31. ^ Reiss (2005), p. 312
  32. ^ Tom Reiss, "The Man from the East," The New Yorker, October 4, 1999, p. 75.
  33. ^ Reiss (2005), pp. 310, 319
  34. ^ a b Reiss (2005), pp. 310–311, quoting a letter from "Essad Bey" to Pima Andrae, September 21, 1940.
  35. ^ Reiss (2005), p. 302, citing a letter from "Essad Bey" to Pima Andreae, June 11, 1942.
  36. ^ Blair writes: "Essad Bey's admission suggests that neither of these works were his own, but that he gained access to the original manuscripts and embellished them. How is it that Essad Bey could be so nonchalant and carefree about writing books that dealt with the most serious issues of his day - the cruel expansion of Bolshevism, and the rise to power of its most prominent proponent – Stalin? And why would any author admit further need for character development if the books were his in the first place? Who exactly was Essad Bey referring to as the author who "left out" essential features in the first place? What a strange acknowledgement for an author to comment that he did not have to fret about the usual financial arrangements and publication details of these works – that he was free to write to his heart's content, elaborating upon his original work." Betty Blair, "'CUT AND PASTE'" AUTHOR: Essad Bey's Fingerprints in Ali and Nino," Azerbaijan International 15, no. 2–4 (2011): 230–251. Elsewhere, Blair elaborates: "Essad Bey's explanation that 'certain characteristics' had been 'left out' does not make sense if the works were his own creation in the first place; but it becomes perfectly logical if publishers passed these works onto him which others had initially authored, suggesting that he develop them further. This would explain why the novel's basic ideas could come from Chamanzaminli, while some of the folkloric peripheral decorative elements can absolutely be traced to Essad Bey." Betty Blair, "Frequently Asked Question" number 15, "FREQUENTLY ASKED QUESTIONS: About the Authorship of Ali and Nino," Azerbaijan International 15, no. 2–4 (2011): 52–137.
  37. ^ Reiss (2005), p. 337
  38. ^ Reiss (2005), p. 336
  39. ^ Reiss (2005), pp. 199
  40. ^ Reiss (2005), p. 197
  41. ^ Reiss (2005), p. 196
  42. ^ Reiss (2005), p. 199
  43. ^ Tamar Injia, Ali and Nino – Literary Robbery! (Norwalk, Conn: IM Books, 2009).
  44. ^ a b Betty Blair, "Frequently Asked Questions about the Authorship of Ali and Nino", Azerbaijan International 15, no. 2–4, pp. 52–137, "Frequently Asked Question" number 30 and 31 and endnotes 56–60, citing Semih Yazlcioghlu's preface in Kurban Said, Ali ile Nino (Istanbul: Hurriyet, 1971), pp. 7–15 (specifically page 12) and correspondence made available by "Martin Skala, trustee of Lucy Tal's Archives, Connecticut."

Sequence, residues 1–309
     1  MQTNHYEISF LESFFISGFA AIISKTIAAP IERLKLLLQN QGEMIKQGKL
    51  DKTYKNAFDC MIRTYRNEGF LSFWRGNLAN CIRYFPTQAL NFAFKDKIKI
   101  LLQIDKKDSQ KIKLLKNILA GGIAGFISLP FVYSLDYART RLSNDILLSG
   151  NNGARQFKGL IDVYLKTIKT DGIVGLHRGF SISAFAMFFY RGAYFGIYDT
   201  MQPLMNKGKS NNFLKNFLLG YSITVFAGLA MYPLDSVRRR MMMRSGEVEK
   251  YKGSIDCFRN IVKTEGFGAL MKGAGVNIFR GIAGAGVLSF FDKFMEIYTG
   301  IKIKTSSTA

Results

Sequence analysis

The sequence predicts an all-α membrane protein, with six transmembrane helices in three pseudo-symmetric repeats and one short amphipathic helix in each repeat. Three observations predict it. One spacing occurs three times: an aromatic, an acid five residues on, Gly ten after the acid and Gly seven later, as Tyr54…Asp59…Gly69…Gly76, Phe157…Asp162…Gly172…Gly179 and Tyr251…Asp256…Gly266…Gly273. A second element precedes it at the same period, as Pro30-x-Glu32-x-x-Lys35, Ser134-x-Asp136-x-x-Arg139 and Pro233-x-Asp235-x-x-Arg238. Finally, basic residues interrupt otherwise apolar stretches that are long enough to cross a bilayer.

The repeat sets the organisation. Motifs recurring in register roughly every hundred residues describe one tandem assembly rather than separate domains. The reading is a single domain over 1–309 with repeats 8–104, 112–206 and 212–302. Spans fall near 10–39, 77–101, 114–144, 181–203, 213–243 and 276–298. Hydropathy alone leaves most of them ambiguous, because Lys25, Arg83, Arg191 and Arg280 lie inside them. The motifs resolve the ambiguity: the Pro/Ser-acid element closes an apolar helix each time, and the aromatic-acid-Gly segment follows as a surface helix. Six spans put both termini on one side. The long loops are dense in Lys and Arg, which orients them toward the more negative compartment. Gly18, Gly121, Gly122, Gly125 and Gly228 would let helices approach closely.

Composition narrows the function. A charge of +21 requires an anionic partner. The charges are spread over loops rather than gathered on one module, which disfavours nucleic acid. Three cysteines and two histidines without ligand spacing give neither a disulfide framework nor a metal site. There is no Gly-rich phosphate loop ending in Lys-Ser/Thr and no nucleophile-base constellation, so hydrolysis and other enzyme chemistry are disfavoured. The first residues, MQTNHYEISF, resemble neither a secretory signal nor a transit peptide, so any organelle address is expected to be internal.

45. ^ "Mirzə Xəzərin Səsi". Archived from the original on 2013-12-16. Retrieved 2013-08-28.
  46. ^ Alias Kurban Said.
  47. ^ Wendell Steavenson, Stories I Stole from Georgia (New York: Grove Press, 2002), p. 165.
  48. ^ a b c d e "Fingerprints of a Legend – Transitions Online". 3 February 2011. Retrieved 22 September 2014.
  49. ^ "Mullahs to Donkeys: Cartooning in Azerbaijan". Retrieved 22 September 2014.
  50. ^ Over any obstacle: a conversation with Azerbaijani Writer Afaq Masud," World Literature Today (Sept. 1, 2009): 14–17
  51. ^ "Working Around Words: Rauf Talishinsky's Azerbaijani Web Cartoons," International Journal of Comic Art 11, no. 2 (2009)
  52. ^ "Trading Culture: Practical Background for Azerbaijani-English Poetry Translation," Khazar Journal of Humanities and Social Sciences(2011); "Beyond Bread and Busses: Women and Work in Azerbaijan in the 21st Century," Journal of Azerbaijani Studies (2009)
  53. ^ "Four Alphabets in 100 Years: State Control of Writing in Azerbaijan," in Bruno De Nicola, Yonatan Mendel, and Husain Qutbuddin, eds., Reflections on Knowledge and Language in Middle Eastern Societies, 285–311 (Newcastle upon Tyne: Cambridge Scholars Pub., 2010)
  54. ^ Her Azerbaijani translation work includes Mandaville and Shahla Naghyieva, eds., Buta, The Baku Workshop, 2010: Contemporary Fiction and Poetry by Azerbaijani Women with additional works by American and Turkish co-participants (Baku: Sonmaz Mashal Cultural Relations Public Union, 2010) and a translation of Afaq Masud, "The Crash," World Literature Today (September–October 2009)
  55. ^ [1] Archived February 24, 2010, at the Wayback Machine
  56. ^ a b Ali and Nino: The Business of Literature, Azerbaijan International 15, no. 2–4.
  57. ^ "15.2 Index - Azerbaijan International - Ali and Nino". Retrieved 22 September 2014.